Simply put, Caesar III is one of the best city building and strategy games of all time disregarding for a second it's Roman setting. It's approaching its 20th birthday, and little that succeeded it has reached its lofty heights. Supported by GoG, it now works on modern operating systems and is absolutely worth a look.
One of Activision's most renowned series from the 1990s, Caesar III is perhaps the crowning achievement from strategy masters Impression Games. How does it compare to modern takes on the genre, nearly 20 years later?
A Caesar III Refresher
Beginning as a simple governor under the rule of Caesar himself, your objective is to build a new settlement that will both protect and expand the Roman Empire.
For each new creation that falls under your responsibility, you're given a detailed briefing about what's required and the goals you're expected to reach. Success will see you rising through the ranks and becoming Caesar's favourite, eventually even being hand-picked by the man himself to be the next Emperor of Rome.
Manage a Beautiful Ancient City
Most of the missions will start in the same way - an empty sector of land that needs to be cleared of natural obstacles (trees or aggressive animals) and occasionally rampant barbarians. Cities will nearly always start off the same way, as several elements are essential to every build - housing, farms and granaries, engineer's quarters, a clinic, a market and a prefecture.
Sometimes, city builders struggle with this idea of having certain buildings that are essential. It can make each mission feel repetitive and eventually make the game boring. Thankfully, Caesar III deals with it beautifully, by allowing near complete freedom over city layout and creating maps that will have a profound impact on the design and planning. Rivers will need to be bridged, forests cleared and unscalable hills and cliffs built around.
Impression Games were also inventive in designing the mission parameters. Simply building a city that has the minimum essential buildings won't get you very far.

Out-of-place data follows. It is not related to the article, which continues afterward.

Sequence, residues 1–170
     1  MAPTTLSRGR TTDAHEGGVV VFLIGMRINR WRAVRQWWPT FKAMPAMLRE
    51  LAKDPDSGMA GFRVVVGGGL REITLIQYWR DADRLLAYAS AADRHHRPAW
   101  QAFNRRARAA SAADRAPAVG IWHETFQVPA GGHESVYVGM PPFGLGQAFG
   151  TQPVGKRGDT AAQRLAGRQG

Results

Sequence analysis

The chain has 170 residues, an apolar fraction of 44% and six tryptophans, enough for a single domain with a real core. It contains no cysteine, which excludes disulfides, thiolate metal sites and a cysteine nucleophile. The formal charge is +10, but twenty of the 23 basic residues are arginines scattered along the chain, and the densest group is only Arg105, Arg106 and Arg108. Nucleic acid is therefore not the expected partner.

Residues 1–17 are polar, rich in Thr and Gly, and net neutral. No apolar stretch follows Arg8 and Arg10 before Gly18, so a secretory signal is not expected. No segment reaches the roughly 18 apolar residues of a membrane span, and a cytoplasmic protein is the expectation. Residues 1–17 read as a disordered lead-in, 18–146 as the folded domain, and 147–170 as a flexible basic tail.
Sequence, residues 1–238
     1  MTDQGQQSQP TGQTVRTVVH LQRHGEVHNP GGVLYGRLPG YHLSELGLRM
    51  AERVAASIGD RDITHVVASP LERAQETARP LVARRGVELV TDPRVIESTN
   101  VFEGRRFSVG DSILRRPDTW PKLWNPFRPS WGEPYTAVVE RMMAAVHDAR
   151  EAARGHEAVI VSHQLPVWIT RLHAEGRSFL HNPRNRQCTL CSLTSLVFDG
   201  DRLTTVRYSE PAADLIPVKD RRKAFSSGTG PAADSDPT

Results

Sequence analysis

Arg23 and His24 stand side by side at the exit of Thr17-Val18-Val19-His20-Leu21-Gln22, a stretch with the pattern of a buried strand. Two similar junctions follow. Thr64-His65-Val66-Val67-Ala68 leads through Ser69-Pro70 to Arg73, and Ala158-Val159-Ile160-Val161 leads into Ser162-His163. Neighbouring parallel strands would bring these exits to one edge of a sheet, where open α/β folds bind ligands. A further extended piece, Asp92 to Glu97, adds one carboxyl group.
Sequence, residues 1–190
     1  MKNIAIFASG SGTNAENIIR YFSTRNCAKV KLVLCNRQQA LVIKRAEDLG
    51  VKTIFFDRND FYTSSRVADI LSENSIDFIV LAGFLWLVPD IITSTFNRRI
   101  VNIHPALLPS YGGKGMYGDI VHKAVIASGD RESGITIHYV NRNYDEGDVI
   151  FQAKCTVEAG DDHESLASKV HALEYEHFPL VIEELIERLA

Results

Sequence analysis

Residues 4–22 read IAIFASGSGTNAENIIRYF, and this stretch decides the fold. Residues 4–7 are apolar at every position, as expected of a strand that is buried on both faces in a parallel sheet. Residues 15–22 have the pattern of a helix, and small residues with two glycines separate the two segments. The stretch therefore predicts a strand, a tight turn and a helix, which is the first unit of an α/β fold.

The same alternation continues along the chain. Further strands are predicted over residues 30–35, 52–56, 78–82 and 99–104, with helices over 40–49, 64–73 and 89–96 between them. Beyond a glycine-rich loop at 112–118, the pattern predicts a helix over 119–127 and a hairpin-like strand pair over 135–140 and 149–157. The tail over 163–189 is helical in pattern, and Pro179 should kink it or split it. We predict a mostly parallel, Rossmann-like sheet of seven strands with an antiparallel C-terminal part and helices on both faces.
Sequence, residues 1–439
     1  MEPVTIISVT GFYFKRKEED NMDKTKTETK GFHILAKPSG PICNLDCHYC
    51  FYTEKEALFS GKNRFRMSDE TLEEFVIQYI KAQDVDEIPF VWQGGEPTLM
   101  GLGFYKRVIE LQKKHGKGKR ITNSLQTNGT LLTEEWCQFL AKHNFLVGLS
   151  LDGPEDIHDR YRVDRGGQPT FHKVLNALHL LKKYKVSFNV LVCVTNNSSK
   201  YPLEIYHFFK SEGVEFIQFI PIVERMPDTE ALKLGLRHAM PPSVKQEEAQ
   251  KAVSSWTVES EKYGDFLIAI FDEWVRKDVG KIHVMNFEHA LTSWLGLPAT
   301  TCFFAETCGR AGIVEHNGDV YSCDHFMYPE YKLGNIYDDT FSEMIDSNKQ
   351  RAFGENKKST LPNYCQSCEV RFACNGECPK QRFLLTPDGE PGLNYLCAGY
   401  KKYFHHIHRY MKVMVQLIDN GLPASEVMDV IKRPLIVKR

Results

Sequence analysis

There's an immersive way to see how successful your governing is, accessed through the Senate building. It allows you to store money and shows your ratings in the areas of favour, prosperity, peace and culture. Unemployed citizens will crowd around the Senate demanding the chance to work. These are important pieces of information that developers all too often add to a cluttered and unimaginative interfaces.
Those four metrics are key to your success in Caesar III. Favour is a representation of Caesar's current opinion of you. Letting this drop too low lowers your life expectancy!
Your peace rating increases as you make your city safe from outside attacks and free of riots from within.
Prosperity is a reflection of the living standards and profitability enjoyed (or not!) by your population.
Finally, your culture rating is governed by the access that your inhabitants have to religious, academic and entertainment buildings.
New ranks in Caesar's regime brings access to new building types across a variety of categories. Any building placed must be accessible to the population, however careful planning needs to be carried out to ensure that they aren't made unhappy by having to live next to an eyesore or health risk.
There are two paths that can be taken with each city - they can be focused either on military capability or economic growth. Sometimes, a mixture of both will be necessary to protect from raiding barbarians - the mission briefing will let you know. The combat aspect of Caesar III is perhaps the one area where it feels a little lacklustre, as attacks are very simplistic and offer no variation at all.
A Case for Quality Artwork
All too often, games from the distant past that are revived struggle because they were designed for low resolution, low power machines. As such, their artwork is often the best attempt at realism that they were capable of at the time - and this is something that does not age well.
Caesar III struggles with that a little in the movie sequences that carry the game's story. Aside from that, however, the art style just about holds up, especially as a city grows and becomes more complex. A bustling, building-packed city still looks reasonably good, and certainly avoids the pitfall of becoming so ugly that it actually affects gameplay negatively. It's not going to be to everyone's liking, but it's certainly better than other games that were released even a few years after, like RollerCoaster Tycoon 2.
Gameplay wise, Caesar III may still be one of the best strategy games ever made for PC and is certainly one of the most detailed and accurateHistorical Roman Empire games going, even after all this time since it was originally released. Few titles are its equal in terms of longevity and creative satisfaction. If you can cope with the severely dated graphics, this game is a must for gamers with a fascination of the Roman Empire.